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Fink, Maximilian C.; Heitzmann, Nicole ORCID logoORCID: https://orcid.org/0000-0001-5032-8379; Siebeck, Matthias; Fischer, Frank ORCID logoORCID: https://orcid.org/0000-0003-0253-659X and Fischer, Martin R. (October 2021): Learning to diagnose accurately through virtual patients: do reflection phases have an added benefit? In: BMC Medical Education, Vol. 21, No. 1, 523 [PDF, 732kB]


Background: Simulation-based learning with virtual patients is a highly effective method that could potentially be further enhanced by including reflection phases. The effectiveness of reflection phases for learning to diagnose has mainly been demonstrated for problem-centered instruction with text-based cases, not for simulation-based learning. To close this research gap, we conducted a study on learning history-taking using virtual patients. In this study, we examined the added benefit of including reflection phases on learning to diagnose accurately, the associations between knowledge and learning, and the diagnostic process.

Methods: A sample of N=121 medical students completed a three-group experiment with a control group and pre- and posttests. The pretest consisted of a conceptual and strategic knowledge test and virtual patients to be diagnosed. In the learning phase, two intervention groups worked with virtual patients and completed different types of reflection phases, while the control group learned with virtual patients but without reflection phases. The posttest again involved virtual patients. For all virtual patients, diagnostic accuracy was assessed as the primary outcome. Current hypotheses were tracked during reflection phases and in simulation-based learning to measure diagnostic process.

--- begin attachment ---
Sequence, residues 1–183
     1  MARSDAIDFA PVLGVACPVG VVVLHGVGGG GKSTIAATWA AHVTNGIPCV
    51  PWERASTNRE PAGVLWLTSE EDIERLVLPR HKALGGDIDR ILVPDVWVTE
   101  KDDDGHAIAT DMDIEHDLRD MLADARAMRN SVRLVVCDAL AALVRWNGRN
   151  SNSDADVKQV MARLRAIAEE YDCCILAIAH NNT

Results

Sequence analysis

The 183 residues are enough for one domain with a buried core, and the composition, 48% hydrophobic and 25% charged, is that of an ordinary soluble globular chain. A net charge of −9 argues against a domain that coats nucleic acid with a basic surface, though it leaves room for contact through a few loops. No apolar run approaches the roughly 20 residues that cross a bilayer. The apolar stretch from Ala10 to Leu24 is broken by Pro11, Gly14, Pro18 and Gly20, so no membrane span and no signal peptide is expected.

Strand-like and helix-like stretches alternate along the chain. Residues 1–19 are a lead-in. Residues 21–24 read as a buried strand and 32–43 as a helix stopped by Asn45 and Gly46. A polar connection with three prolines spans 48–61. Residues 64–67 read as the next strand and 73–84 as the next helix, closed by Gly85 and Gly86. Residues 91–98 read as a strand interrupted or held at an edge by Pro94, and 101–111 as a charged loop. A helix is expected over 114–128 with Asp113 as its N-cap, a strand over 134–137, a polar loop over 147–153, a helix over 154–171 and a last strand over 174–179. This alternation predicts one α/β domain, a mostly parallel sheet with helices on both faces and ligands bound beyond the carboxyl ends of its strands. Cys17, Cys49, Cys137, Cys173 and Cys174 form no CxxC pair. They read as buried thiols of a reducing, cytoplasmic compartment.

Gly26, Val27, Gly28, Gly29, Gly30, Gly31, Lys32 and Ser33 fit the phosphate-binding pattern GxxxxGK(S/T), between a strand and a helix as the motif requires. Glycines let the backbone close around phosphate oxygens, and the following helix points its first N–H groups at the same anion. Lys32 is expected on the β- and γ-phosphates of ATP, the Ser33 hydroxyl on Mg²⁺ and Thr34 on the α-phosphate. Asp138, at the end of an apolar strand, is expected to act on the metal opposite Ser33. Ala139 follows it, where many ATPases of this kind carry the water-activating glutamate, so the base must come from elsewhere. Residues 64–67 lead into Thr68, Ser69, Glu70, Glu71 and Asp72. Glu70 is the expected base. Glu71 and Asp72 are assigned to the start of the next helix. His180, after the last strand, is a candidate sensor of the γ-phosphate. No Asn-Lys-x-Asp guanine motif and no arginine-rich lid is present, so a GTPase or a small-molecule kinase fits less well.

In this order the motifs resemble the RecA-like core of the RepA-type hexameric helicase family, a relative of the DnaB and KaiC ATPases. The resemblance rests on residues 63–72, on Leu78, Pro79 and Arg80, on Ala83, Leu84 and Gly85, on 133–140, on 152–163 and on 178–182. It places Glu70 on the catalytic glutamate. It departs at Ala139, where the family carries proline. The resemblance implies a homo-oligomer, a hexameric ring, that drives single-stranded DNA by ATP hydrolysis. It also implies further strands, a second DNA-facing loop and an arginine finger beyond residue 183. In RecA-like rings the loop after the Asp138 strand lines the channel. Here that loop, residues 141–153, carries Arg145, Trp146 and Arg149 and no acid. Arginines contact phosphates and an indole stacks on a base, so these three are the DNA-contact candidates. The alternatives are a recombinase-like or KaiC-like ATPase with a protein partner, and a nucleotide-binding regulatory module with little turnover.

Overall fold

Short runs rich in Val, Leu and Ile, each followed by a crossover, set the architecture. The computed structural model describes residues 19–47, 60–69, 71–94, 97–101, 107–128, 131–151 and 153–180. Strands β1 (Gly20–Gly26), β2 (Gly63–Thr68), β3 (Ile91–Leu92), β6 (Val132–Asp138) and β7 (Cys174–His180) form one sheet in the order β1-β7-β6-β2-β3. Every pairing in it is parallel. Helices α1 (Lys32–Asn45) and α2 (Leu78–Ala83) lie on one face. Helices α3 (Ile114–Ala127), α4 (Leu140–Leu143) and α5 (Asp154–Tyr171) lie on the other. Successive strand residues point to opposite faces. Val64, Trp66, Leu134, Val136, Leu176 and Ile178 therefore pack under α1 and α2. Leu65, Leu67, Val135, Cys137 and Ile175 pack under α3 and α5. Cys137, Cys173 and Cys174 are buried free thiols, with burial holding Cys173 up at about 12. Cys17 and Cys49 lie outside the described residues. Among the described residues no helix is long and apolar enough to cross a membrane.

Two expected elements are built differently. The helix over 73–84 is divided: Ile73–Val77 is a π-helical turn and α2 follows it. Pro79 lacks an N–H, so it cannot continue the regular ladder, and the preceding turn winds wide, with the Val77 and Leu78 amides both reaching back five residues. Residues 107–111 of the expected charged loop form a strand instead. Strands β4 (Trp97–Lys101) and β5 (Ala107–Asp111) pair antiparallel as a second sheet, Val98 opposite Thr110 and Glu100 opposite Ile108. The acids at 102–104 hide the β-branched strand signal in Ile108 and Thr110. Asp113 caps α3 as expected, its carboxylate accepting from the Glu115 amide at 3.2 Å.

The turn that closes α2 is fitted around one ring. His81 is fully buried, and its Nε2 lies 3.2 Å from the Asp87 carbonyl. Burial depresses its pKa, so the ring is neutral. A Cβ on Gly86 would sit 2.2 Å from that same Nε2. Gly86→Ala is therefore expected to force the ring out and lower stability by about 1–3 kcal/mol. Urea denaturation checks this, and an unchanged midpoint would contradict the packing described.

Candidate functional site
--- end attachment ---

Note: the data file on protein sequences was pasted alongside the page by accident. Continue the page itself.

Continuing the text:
Results: Regarding the added benefit of reflection phases, an ANCOVA controlling for pretest performance found no difference in diagnostic accuracy at posttest between the three conditions, F(2, 114) = 0.93, p = .398. Concerning knowledge and learning, both pretest conceptual knowledge and strategic knowledge were not associated with learning to diagnose accurately through reflection phases. Learners’ diagnostic process improved during simulation-based learning and the reflection phases.

Conclusions: Reflection phases did not have an added benefit for learning to diagnose accurately in virtual patients. This finding indicates that reflection phases may not be as effective in simulation-based learning as in problem-centered instruction with text-based cases and can be explained with two contextual differences. First, information processing in simulation-based learning uses the verbal channel and the visual channel, while text-based learning only draws on the verbal channel. Second, in simulation-based learning, serial cue cases are used to gather information step-wise, whereas, in text-based learning, whole cases are used that present all data at once.

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